Strategy & Leadership

Companies must treat diverse recruitment like any other strategic growth imperative

July 06, 2020


July 06, 2020

John Rice

Founder and CEO

John Rice is the Founder and CEO of Management Leadership for Tomorrow (MLT), a national non-profit organization that is transforming the leadership pipelines of our most influential organizations by driving breakthrough results for individuals and institutions. 

Prior to MLT, John was an executive with the National Basketball Association, where he served as managing director of NBA Japan, and as director of marketing for Latin America. Before joining the NBA, John spent four years with the Walt Disney Company in new business development and marketing.

John serves on the Board of Trustees of Yale University, and he is a Director of Walker & Dunlop, a NYSE-traded real estate finance company. He was appointed to President Obama’s Advisory Commissions on Educational Excellence for African Americans and on Historically Black Colleges. He is an advisor to Northeastern University’s Center for Inclusive Computing. John also serves on a number of non-profit boards, including the Woodrow Wilson National Fellowship Foundation, and venture philanthropy fund New Profit.

John received his MBA from Harvard Business School and his BA with honors from Yale, where he was a three-year starter on the basketball team.

As America hits an inflection point on race and racism, the corporate sector has also reached a turning point on its diversity and inclusion (D&I) journey.

Employers of all kinds will now be required to make a choice: back up their strong anti-racism statements by upgrading their D&I efforts or continue to fall short. The good news is that a winning playbook for D&I strategy and execution already exists; companies just need to follow the formula they effectively apply to every other aspect of their business.

In corporate strategy departments, companies articulate three-to-five-year quantitative and qualitative targets along with interim progress indicators. They then identify and prioritise the key investment levers that provide the best shot at achieving those goals. These levers are informed by a deep understanding of underlying challenges and opportunities.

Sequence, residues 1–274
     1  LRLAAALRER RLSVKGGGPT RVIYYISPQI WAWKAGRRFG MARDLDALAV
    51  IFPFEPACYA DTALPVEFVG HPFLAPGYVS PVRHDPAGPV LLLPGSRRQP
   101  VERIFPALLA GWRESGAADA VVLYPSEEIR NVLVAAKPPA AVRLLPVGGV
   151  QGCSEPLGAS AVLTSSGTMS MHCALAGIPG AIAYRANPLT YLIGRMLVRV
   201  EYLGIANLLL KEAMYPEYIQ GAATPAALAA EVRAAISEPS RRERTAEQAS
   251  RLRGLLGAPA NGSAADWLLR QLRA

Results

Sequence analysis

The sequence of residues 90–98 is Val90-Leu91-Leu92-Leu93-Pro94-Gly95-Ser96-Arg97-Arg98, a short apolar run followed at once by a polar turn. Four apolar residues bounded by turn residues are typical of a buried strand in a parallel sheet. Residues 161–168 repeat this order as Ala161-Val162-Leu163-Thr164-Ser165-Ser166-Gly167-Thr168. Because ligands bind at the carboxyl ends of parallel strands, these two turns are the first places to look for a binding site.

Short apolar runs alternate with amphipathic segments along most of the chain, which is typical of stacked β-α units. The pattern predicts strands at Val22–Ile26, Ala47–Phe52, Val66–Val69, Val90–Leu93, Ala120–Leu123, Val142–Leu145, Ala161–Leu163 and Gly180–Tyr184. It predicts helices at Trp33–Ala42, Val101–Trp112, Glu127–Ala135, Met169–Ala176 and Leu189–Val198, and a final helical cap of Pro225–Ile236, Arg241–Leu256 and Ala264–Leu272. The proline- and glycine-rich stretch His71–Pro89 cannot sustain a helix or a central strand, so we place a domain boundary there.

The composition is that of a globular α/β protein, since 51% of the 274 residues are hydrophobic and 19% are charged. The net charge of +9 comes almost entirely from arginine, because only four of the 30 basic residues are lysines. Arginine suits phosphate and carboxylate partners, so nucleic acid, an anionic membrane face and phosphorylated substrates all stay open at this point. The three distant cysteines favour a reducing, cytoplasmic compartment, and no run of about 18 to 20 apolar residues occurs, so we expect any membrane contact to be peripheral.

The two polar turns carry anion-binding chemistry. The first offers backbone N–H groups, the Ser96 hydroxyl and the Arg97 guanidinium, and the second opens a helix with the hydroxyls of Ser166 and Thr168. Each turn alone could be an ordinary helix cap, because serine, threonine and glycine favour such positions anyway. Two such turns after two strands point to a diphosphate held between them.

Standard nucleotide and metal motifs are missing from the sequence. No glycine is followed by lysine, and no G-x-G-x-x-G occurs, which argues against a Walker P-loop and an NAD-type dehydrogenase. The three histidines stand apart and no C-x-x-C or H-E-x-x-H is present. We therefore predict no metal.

If companies applied their core business planning frameworks to their D&I strategy, they would accelerate progress towards achieving a critical mass of minorities at all stages of their leadership pipelines. Instead, they fall into a doom loop. They fail to define success because discussions about goals in the context of race and gender are uncomfortable and perceived (incorrectly) as legally risky while sceptical executives inappropriately associate targets with quotas. They fail to understand the root cause of the challenges because the conversations are awkward and getting candid insights isn’t easy. Without goals and an understanding of underlying drivers, it is impossible to prioritise investment levers or establish interim metrics. Such companies must simply revert to a strategy defined by “let’s do better than last year”, which would not be acceptable anywhere else in the firm. Too many otherwise well-managed organisations settle for those six words. The strategy thus becomes a series of “random acts of diversity” instead of a coherent set of investments aligned with intended outcomes.

Employers fall into similar traps as they execute their D&I strategies. They once again fail to follow best practices that they know drive change in other parts of their business, including defining roles and responsibilities, establishing clear accountability and mapping out key processes. Companies need to recalibrate their talent-acquisition and talent-management engines to actively include a focus on diverse talent. Recalibration in talent acquisition, for example, should incorporate changes that (a) maximise the number of diverse candidates entering their recruiting process and (b) optimise the yield of those passing through every stage of the screening process.

Successful implementation of any D&I initiative requires three things:

  1. Know-how:  Most companies’ recruiting tactics resemble those of elite universities: build an aspirational brand; promote its distinguishing features; watch the applications flow in; admit the candidates they know best because of their family relationships; and admit the very best of those they do not know based on how they look on paper. Hiring (akin to university faculty recruitment) remains an opaque process built around insider referrals and targeted outreach to those whose profiles fit narrow competencies.